The Act on the Normalisation of the Legal Status of Civil Servants (Wnra) will take effect in the Netherlands on 1 January 2020. One of the changes introduced by the Act is that the unilateral appointment civil servants currently enjoy will be converted into a bilateral employment contract. This means municipal and provincial authorities; the state and all other public bodies will have a lot of work to do. But it is also the ideal opportunity to boost their digital transformation.
What does the Wnra involve?
The implementation of the Wnra will mean private employment law will become applicable to civil servants. Their unilateral appointments will be converted into bilateral employment contracts. As a result, civil servants will enjoy the same protections as employees in the private sector.
The main consequences for civil servants are as follows:
- Unilateral appointments will no longer be applicable. They will be replaced by bilateral employment contracts.
- Once the Act has been implemented, district courts will settle employment disputes involving civil servants. Civil servants will no longer be able to raise objections with their own organisations and appeal through the administrative courts.
- Dismissal procedures will also be brought in line with the private sector: public authorities will only be able to dismiss workers after the intervention of the Employee Insurance Agency (UWV) and the district court.
- CBAs will become directly applicable and will no longer need to be converted into a legal status arrangement first.
Material employment benefits such as salaries, year-end bonuses and annual leave hours will remain unaffected by the new Act. In addition, civil servants will retain their special status. The new Civil Servants Act still contains provisions on the duty of confidentiality, the prohibition on accepting gifts and the duty to report any side activities.
The changes affect all civil servants, including employees of De Nederlansche Bank, the Sociale Verzekeringsbank and the UWV.
Employees of the police, the armed forces, judges and staff working for legal and political officials such as Members of Parliament, mayors and councillors will remain excluded from the Wnra, meaning they will retain their existing status.
Preparing for the Wnra
For 380 municipal authorities, all provincial authorities, the water boards, intercommunal bodies and independent administrative authorities, the Wnra is likely to cause a lot of work, especially for HR departments and (employment) law teams. They will need to convert the contracts of all employees in the organisation. If you’re working in one of these departments, you may need to amend your mandates and powers of attorney, depending on your organisation’s current arrangements for the authority to make decisions on employee matters. On the upside, this could be the perfect moment to efficiently and securely organise these authorities digitally.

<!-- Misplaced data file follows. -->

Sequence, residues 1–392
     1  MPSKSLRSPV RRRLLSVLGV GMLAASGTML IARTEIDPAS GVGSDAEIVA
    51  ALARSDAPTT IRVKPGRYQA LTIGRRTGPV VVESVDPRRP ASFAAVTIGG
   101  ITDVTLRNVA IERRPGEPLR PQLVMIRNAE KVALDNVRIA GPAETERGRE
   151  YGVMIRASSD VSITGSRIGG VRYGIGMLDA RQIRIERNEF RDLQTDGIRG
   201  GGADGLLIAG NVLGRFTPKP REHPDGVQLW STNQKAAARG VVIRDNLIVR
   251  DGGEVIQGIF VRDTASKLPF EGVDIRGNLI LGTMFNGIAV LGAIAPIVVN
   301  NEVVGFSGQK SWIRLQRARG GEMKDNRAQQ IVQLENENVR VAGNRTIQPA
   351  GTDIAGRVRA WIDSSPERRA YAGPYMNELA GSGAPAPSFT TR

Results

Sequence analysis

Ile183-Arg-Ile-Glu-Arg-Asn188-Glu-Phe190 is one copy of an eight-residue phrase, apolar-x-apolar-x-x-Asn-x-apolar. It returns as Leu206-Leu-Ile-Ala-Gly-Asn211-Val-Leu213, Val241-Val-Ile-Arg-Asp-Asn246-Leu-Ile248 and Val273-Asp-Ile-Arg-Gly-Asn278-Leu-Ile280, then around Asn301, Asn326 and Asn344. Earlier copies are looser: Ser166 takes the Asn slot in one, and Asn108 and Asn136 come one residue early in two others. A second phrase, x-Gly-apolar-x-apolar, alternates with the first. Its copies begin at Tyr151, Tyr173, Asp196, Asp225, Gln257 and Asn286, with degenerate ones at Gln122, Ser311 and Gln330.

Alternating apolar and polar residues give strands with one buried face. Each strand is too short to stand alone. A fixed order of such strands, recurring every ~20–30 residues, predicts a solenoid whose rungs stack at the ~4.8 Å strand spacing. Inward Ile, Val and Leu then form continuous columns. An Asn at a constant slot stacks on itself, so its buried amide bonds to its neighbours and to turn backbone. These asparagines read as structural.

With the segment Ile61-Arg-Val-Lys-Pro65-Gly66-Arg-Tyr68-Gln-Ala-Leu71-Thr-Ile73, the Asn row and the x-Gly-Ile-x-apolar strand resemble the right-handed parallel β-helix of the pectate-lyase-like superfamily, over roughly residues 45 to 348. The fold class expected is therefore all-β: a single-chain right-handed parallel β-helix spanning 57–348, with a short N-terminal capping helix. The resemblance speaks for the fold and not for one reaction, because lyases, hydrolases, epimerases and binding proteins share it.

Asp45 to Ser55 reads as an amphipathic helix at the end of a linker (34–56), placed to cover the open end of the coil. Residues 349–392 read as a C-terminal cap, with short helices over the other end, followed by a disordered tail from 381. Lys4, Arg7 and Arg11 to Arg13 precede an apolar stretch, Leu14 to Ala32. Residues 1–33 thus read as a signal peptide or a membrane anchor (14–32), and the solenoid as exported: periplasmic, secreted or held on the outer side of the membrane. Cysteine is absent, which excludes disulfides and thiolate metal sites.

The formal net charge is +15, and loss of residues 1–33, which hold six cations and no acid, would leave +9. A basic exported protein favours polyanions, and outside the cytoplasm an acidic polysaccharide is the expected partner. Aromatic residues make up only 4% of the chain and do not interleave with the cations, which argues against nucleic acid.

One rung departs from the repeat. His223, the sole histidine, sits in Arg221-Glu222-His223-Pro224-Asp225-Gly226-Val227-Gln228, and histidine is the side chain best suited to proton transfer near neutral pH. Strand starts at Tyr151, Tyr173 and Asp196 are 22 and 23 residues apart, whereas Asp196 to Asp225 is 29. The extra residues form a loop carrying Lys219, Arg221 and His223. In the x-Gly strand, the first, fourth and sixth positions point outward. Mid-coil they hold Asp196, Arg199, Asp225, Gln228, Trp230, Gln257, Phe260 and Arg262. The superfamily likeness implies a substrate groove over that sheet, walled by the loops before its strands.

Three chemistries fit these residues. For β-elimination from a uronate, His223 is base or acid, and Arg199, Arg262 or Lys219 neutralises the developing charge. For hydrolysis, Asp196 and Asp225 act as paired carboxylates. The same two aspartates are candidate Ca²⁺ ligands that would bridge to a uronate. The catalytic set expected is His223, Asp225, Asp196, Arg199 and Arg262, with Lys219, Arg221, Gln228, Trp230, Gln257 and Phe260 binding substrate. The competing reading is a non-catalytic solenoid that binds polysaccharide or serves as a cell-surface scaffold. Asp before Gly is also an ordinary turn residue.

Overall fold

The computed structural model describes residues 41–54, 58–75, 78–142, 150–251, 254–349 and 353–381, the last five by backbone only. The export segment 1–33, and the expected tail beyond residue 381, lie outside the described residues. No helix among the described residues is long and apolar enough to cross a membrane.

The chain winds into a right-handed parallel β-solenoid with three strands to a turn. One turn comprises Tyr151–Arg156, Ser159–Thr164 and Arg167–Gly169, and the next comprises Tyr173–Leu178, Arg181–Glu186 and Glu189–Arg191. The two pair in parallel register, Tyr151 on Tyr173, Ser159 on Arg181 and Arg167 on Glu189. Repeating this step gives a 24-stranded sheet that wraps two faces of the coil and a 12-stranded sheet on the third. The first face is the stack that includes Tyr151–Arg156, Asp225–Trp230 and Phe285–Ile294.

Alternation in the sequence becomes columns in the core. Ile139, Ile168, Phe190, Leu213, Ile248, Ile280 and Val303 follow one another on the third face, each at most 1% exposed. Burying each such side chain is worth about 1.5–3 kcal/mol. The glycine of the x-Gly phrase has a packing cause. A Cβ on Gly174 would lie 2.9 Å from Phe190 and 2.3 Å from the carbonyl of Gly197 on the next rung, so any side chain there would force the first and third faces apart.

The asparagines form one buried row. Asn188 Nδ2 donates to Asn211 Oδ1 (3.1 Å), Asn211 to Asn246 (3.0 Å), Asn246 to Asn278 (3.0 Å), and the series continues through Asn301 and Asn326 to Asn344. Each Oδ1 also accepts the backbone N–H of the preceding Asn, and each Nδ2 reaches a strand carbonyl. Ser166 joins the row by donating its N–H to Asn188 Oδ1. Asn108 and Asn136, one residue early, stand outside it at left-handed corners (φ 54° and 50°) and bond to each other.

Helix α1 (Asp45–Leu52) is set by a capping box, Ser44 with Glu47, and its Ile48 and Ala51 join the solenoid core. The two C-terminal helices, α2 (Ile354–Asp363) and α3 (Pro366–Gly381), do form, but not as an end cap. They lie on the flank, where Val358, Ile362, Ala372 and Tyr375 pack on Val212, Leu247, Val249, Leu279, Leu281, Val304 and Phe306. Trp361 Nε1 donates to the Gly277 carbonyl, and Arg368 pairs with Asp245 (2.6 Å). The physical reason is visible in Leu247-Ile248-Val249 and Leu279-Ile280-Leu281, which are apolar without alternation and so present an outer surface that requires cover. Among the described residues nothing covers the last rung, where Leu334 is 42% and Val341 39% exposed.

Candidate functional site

Change from mandate to power of attorney
One of the changes relates to definitions. Currently, the legal term ‘mandate’ is often used. A mandate is an authority to make a decision on behalf of an administrative authority, such as a decision to appoint a civil servant or a decision to promote someone to a higher grade. The term ‘mandate’ is largely limited to administrative law.
In the private sector, the legal term ‘power of attorney’ is more common. A power of attorney is the authority to perform private law transactions on behalf of a legal person or a natural person. These legal persons could be the state, a municipal authority, a provincial authority or a water board. Once the Wnra has taken effect, all transactions relating to employment contracts will be subject to private law,
so it’s a good idea to check your organisation’s current arrangements. Are you using mandates only, or do you also use powers or attorney?
Prepared for the future
While you’re drawing up an overview of all powers of attorney and designing new procedures for employment contracts, you’ve got a great opportunity to future-proof your entire onboarding process by making it digital.
There are several steps you can take to achieve this, and to keep everything nice and clear, we’ve listed each one separately below. You can implement these steps one at a time or all at once as part of a streamlined process:
- Authentication of employees (DigiD) and HR staff with powers of attorney
Do you have the right people with the right powers of attorney in the right places?
- Drawing up legally valid employment contracts
Which templates should you use? When you go digital, these can easily be customised and personalised.
- Digital signatures
Depending on the level of security you require, there are several different types. Each type has its own level of security and legal validity within the EU.
European legal validity
In the future, more and more contracts and documents will be stored digitally. Ever-improving technical abilities to identify people and their authority levels and seal documents are making this a reality. The European eIDAS regulation monitors the legal validity of electronic identification, signatures and documents within the EU.
The Wnra will take effect on 1 January 2020, so the time to properly redesign all employment matters and your onboarding process is now! You’ll only stand to benefit in future.
If you’d like to know more about digital signatures and documents, download our free white paper “Your complete guide to digital signatures”, which tells you everything you need to know about this subject.
Or get right on it! Try Connective eSignatures today.
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